All three of Bhaijaan's brothers have girlfriends, but they cannot think of settling down until Bhaijaan agrees to marry. So, they set him up with Bhagyalakshmi (Pooja Hegde), a newcomer to the colony. The girl's name has a meta echo.

In a brief early detour, Bhaijaan finds himself in Mumbai at the wedding of (Salman Khan's Maine Pyar Kiya heroine) Bhagyashree's son. The actress, her real-life husband Himalaya Dassani and their son Abhimanyu put in an appearance as themselves - about the only passage in the film that strikes a bit of a chord. The rest is all a shoddy shaggy-dog story.

Back home in Telangana, Bhagya, who becomes friend with Bhaijaan's siblings, has an elder brother (Venkatesh Daggubati), who hates violence and people who perpetrate it. Bhagya is alarmed to figure out that Bhaijaan and his bros are a very, very violent lot.

All the misgivings and worries notwithstanding, there is no dearth of violence in the film's second half as Nageshwara (Jagapathi Babu) unleashes his men on the family of Balakrishnan (Venkatesh Daggubati), which includes his mother (Rohini Hattangadi), wife (Bhumika Chawla) and, of course, his sister Bhagyalakshmi.

The film also has a nattily attired pugilist Vijender Singh essaying the role of a villain, an MLA bent on grabbing the patch of land that belongs to Bhaijaan and his neighbours. As an actor, his punches never quite land.

Salman Khan never deigns to loosen his grip on the narrative, not even when Venkatesh is at hand to share some of the load. The star overshadows the character and the narrative (or whatever there is of it) so completely that there is no scope for anything or anybody in the film developing beyond the film's cardboard cutout dimensions.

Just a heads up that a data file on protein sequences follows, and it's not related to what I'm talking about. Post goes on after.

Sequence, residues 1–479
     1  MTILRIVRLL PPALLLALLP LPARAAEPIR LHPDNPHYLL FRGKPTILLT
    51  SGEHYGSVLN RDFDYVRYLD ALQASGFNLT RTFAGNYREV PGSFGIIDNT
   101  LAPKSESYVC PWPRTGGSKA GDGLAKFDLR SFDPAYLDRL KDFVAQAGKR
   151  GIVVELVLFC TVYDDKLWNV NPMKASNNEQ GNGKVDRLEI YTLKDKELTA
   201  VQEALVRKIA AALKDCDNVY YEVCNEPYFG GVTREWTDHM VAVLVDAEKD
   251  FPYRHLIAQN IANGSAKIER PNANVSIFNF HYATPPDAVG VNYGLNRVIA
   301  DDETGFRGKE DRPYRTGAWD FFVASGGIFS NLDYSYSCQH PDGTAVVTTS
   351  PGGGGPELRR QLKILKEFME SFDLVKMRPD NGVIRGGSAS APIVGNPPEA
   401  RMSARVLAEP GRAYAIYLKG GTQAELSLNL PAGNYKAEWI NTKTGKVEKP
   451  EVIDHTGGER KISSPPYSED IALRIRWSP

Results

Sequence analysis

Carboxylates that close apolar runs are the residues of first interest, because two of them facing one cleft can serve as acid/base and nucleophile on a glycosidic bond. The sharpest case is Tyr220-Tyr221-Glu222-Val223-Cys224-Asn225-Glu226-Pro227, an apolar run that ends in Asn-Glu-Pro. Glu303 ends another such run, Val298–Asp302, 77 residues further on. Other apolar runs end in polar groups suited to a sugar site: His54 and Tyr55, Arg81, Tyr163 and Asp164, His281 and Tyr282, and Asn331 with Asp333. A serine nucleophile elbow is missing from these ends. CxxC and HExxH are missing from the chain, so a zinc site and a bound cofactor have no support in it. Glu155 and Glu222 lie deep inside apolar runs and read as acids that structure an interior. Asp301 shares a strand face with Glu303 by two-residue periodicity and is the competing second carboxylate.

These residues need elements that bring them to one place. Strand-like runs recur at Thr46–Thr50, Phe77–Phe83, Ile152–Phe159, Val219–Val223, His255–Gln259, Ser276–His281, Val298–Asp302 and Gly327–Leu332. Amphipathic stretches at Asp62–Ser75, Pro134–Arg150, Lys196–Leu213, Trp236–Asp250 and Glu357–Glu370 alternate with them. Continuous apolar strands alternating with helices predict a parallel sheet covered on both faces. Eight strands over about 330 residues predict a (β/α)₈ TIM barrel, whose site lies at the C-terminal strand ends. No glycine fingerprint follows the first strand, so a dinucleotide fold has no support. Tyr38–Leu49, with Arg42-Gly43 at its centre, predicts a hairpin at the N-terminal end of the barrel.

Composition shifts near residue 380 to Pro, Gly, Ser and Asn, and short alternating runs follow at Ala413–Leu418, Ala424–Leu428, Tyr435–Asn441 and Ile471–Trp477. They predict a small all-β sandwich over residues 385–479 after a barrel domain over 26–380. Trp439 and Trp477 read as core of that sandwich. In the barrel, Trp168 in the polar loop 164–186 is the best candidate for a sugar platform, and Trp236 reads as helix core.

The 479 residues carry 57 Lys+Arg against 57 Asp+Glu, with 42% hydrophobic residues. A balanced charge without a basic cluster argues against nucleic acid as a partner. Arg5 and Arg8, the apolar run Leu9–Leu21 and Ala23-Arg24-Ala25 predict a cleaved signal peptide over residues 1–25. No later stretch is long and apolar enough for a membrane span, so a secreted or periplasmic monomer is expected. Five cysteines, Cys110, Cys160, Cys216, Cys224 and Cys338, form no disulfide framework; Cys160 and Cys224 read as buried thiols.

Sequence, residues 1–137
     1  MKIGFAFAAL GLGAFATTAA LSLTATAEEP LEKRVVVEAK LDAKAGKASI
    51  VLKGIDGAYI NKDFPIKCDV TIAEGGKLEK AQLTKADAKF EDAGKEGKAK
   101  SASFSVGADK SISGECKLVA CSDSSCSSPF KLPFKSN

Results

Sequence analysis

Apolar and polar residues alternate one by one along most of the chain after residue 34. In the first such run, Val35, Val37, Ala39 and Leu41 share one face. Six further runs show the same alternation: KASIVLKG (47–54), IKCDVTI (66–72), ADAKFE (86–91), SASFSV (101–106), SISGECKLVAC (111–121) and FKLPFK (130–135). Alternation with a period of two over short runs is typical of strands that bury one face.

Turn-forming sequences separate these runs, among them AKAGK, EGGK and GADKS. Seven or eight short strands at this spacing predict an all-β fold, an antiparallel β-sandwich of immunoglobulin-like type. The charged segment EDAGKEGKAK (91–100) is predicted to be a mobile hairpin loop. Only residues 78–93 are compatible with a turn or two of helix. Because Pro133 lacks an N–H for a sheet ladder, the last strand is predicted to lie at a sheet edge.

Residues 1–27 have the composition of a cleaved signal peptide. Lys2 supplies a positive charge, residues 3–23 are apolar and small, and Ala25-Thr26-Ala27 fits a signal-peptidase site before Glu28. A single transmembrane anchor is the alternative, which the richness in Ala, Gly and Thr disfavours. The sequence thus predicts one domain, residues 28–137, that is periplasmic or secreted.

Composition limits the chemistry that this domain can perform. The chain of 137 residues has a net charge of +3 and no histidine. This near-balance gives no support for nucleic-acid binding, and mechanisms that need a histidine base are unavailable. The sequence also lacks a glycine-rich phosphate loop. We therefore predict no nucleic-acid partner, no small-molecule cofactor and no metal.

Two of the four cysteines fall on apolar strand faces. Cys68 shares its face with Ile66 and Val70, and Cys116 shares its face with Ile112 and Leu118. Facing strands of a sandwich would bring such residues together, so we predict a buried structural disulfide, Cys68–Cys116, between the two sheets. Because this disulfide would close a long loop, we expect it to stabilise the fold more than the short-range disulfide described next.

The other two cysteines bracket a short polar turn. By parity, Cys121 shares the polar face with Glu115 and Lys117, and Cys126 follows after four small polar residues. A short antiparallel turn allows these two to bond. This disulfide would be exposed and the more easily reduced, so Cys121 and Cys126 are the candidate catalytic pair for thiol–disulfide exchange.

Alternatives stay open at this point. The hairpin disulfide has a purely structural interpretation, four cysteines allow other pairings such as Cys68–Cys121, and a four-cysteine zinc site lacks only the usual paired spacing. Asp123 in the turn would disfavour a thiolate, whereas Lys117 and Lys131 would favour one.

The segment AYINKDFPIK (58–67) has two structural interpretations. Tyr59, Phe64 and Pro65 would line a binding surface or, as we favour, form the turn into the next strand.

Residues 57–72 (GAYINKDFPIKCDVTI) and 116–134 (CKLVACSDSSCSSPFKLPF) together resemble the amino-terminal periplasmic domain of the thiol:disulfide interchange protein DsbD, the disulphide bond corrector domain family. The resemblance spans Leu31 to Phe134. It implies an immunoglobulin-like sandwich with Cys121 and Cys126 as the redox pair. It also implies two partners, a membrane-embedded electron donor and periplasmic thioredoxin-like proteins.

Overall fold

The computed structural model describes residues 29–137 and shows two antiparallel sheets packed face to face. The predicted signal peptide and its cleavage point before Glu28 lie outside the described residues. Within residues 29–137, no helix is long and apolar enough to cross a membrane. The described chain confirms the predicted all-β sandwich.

Hearing a guy sing totally off-tune, Bhaijaan's romantic interest complains: Gaane ki band baja raha hai. She could well have been referring to what many members of the film's cast have gone and done to the craft of acting out here in a span of two and a half hours - left it in tatters.

At another point in the film, she confesses that hamari geography aur history sab galat hai. Precisely. Kisi Ka Bhai Kisi Ki Jaan is a travesty of gigantic proportions no matter what geography you belong to, what history you believe in and what you think cinema should be. A bad film is a bad film. KKBKKJ is beyond bad.

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vk758501 I too have a dream world of my own. I dream big, far and wide of the world that I live in. I am sad and afraid to live in such a world that is full of sins and negativity. I have a dream world where there is no violence, no hatred, no greed, but just peace, love and harmony. A world where mankind helps each other and is not jealous of each other, where people are not categorized based on their caste and creed, where there is no difference between the rich and poor, but rather considered as equals. A world where there is lots of fun and goodness and where it is safe for every human being who lives in there.